Water bills are to rise and the pressure’s on to save this valuable resource. Gaelle Walker looks at ways to stop your money going down the drain
With official drought zones now declared in more than 40 English counties, and water bills set to rise by an average of 5.7% this month according to water regulator Ofwat, if you’re on a meter, now is the time to really examine your water consumption.
For carwash operators and large stores with busy customer toilets, investing in pricier water efficient equipment such as rainwater harvesting will be the best option. But for smaller stores there are a number of cheap and simple solutions that could help reduce water bills by up to 30%.
Unlike energy, water usage can be clearly seen, making it a much easier commodity for you, and your staff, to control. Given that water wastage mainly results from bad habits, getting your staff involved is vital if you really want to prevent those precious pounds from running down the drain.
A large tap can have a flow of up to 40 litres a minute, so simple measures such as ensuring that taps are turned off fully when not in use and using washing up or rainwater for watering plants can make a big difference, and won’t cost you a penny.
There are also range of inexpensive water-minimising controls that can be easily fitted throughout the store.
Most loos made after the year 2000 feature dual flushing systems. However, if you’ve still got an old-style one, dual flushing systems can now be retrofitted.
Cistern devices are probably one of the most effective tools, particularly if you’ve got a team of 10 or more staff.
What you can do
● Whether you’re tackling water or energy consumption, any reduction strategy should be accompanied by careful monitoring. Monitoring your consumption as you implement change allows you to assess the success of measures, and provides information to feed back to staff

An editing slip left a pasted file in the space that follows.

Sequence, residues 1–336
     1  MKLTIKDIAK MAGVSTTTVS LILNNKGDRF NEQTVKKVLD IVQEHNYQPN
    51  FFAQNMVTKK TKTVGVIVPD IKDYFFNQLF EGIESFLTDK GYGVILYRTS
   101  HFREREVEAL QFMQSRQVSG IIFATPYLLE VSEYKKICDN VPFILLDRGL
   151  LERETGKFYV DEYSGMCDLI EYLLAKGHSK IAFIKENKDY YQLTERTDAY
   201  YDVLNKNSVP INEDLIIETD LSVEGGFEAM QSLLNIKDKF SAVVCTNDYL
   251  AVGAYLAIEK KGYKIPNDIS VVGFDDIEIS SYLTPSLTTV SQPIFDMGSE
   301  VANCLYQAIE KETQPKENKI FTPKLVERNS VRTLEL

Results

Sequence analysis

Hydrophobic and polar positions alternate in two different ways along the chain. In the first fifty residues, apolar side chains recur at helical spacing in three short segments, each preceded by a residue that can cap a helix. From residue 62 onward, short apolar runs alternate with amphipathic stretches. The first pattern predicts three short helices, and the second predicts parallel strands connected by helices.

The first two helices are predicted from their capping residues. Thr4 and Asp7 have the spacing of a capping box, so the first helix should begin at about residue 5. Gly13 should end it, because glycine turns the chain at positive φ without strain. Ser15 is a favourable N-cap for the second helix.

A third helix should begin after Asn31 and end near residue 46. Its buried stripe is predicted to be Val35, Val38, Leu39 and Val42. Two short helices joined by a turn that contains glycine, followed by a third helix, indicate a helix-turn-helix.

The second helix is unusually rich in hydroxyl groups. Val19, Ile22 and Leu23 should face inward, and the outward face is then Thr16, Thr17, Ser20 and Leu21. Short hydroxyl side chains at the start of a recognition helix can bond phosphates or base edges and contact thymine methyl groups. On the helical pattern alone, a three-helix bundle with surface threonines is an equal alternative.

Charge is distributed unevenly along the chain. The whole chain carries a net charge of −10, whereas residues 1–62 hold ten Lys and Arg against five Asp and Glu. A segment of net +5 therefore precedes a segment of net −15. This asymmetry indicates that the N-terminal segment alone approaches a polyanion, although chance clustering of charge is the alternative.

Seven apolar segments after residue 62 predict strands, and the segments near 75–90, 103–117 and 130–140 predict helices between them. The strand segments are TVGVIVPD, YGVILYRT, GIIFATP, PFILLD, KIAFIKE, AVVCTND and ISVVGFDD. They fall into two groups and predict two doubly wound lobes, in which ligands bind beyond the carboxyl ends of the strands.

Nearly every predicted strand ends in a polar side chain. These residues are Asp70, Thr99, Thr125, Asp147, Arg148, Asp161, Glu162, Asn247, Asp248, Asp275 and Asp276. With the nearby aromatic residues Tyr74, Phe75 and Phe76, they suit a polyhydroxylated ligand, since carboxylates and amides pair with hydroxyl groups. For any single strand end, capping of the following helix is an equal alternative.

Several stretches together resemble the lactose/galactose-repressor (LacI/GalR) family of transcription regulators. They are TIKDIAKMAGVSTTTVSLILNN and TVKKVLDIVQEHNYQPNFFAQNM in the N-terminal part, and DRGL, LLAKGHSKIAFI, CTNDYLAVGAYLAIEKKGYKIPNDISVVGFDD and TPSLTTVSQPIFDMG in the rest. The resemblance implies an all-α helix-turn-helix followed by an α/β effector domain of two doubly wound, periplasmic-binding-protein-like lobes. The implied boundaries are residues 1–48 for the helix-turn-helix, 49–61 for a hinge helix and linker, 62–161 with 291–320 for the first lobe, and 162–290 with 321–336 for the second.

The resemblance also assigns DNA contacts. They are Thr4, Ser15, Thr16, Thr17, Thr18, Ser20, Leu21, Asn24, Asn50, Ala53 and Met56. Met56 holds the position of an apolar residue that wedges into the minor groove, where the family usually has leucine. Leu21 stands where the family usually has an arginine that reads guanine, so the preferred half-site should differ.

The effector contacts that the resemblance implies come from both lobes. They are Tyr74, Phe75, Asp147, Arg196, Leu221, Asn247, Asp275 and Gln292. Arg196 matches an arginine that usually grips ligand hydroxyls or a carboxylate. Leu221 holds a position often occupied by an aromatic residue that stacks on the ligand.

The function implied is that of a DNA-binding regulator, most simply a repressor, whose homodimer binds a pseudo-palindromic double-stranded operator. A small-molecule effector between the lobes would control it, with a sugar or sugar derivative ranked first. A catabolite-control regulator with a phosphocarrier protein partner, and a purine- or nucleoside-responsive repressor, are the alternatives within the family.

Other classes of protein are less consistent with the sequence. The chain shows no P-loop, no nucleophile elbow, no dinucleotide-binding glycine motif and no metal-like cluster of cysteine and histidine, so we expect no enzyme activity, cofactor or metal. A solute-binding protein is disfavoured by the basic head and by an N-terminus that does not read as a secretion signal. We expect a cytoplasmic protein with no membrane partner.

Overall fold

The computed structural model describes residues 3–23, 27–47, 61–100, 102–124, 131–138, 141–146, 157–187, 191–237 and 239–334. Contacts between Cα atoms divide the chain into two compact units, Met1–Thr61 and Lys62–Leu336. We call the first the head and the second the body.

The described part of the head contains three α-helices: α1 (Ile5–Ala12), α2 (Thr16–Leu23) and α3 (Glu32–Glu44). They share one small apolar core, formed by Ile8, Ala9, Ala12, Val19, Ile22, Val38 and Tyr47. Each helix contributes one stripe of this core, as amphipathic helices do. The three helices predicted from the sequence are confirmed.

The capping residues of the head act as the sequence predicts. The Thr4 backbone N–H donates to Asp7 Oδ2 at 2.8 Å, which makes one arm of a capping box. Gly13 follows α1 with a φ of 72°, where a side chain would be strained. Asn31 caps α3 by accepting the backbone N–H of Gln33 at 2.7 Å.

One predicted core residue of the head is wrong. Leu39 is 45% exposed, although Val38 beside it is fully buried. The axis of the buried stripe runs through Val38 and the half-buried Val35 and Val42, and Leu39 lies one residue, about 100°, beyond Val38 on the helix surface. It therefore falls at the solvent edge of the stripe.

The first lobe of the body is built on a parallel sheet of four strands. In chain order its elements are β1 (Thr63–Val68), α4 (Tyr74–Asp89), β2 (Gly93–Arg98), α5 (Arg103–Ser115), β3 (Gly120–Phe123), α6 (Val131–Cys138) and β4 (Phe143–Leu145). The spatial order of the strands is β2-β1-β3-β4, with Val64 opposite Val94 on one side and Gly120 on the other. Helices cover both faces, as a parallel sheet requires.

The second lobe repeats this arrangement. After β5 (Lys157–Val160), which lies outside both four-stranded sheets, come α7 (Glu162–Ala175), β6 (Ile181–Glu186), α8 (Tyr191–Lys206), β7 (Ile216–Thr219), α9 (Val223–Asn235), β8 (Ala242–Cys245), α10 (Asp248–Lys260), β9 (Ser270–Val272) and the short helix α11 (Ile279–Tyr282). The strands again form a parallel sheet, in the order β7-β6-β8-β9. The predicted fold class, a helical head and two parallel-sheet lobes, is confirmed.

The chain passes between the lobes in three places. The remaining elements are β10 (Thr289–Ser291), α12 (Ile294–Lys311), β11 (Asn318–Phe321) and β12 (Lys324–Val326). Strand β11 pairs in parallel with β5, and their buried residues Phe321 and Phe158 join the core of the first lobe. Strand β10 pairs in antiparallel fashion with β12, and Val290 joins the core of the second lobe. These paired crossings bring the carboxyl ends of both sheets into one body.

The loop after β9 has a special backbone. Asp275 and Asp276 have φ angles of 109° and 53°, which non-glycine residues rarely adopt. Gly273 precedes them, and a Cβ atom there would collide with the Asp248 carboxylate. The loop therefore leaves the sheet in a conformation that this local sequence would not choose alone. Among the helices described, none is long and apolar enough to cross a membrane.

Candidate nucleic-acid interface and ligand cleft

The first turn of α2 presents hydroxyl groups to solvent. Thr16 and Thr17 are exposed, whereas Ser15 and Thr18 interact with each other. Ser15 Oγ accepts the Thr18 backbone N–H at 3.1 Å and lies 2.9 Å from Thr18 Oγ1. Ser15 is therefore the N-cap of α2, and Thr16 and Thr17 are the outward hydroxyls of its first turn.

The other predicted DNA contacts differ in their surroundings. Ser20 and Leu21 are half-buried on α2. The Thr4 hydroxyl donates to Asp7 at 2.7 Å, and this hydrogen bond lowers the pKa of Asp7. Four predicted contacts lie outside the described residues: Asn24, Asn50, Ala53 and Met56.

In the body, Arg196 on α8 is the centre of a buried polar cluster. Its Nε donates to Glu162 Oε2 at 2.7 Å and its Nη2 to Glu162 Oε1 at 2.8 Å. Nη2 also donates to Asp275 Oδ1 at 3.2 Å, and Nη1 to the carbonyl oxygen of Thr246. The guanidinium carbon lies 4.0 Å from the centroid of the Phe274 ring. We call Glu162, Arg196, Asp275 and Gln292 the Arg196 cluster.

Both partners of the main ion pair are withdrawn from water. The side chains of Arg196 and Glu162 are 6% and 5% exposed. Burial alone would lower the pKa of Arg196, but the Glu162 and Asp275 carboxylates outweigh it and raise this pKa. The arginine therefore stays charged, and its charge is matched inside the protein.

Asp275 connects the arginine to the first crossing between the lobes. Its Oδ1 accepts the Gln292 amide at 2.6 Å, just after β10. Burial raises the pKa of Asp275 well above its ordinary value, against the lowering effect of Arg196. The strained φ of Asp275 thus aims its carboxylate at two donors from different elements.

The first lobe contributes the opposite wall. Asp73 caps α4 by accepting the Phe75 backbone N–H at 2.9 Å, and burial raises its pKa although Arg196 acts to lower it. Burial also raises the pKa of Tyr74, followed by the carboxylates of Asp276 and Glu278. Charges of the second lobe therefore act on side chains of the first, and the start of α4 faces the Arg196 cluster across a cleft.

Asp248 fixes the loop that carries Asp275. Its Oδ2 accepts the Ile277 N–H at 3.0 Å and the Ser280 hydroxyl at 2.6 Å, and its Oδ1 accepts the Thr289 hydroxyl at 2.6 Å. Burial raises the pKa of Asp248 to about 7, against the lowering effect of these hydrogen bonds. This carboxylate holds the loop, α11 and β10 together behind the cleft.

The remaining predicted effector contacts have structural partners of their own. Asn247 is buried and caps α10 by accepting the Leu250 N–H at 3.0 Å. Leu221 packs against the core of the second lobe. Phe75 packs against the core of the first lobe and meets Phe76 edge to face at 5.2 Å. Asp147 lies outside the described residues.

● Study your water bills - look back over the previous two years to identify any trends or patterns
● Ensure that you record the date of any changes you make, and note any events that may lead to an increase or decrease in consumption, such as in-store community events, building work, or closure days
● Try to read your water meter at the same time and day each week/month, to minimise the impact of change in use on different days of the week
● Monitor changes in energy consumption. Reducing the volume of hot water used will also reduce your energy bills
As the cheapest option, many businesses opt for a drop-valve mechanism to control the cistern flow in their toilets. These systems are ideal for high frequency use. However, they may require regular maintenance to remove scale deposits.
You can also opt for cistern volume adjusters, which use a bag - often referred to as a ‘Hippo’ or ‘save-a-flush’ bag - that fits into the cistern of the toilet. These bags can save up to 2.5 litres per flush.
When it comes to taps, there are also lots of cheap and easy actions to take here, too.
Wash basin tap inserts and miracle taps mix air into the water, giving the same effect but reducing the output. Installing an isolating ball valve will also enable you to control the flow of water through the valve, potentially saving you up to six litres of water per minute. Fitting the valve is easy and cheap, although it’s worth noting that it will also need regular maintenance to prevent scale build up.
At the slightly pricier end of the scale are electronic taps which feature infrared sensors to activate and deactivate the flow of water. As the hand of the user does not touch the tap, hygiene is another major advantage.
As long as they are kept clean and tidy, making plugs available in all wash basins and sinks, and urging staff to use them when washing up, will also reduce the unnecessary running of taps. Just consider the amount of water your staff use to wash up - especially if they guzzle tea and coffee as much as us at Team C-Store. It could be a lot.
The staff toilet at the Lodsworth Larder store in West Sussex is slashing its water consumption by tackling both taps and toilets together with a clever integrated system. The wash basin and tap is fitted above the cistern, meaning that after washing hands water flows down the plug-hole to re-fill the cistern.
Perhaps the easiest water-saver of all is to repair all those dripping taps. Fixing the drips as soon as they are noted can save as much as 20 litres of water a day, and in most instances all that is required is nothing more complicated than a washer.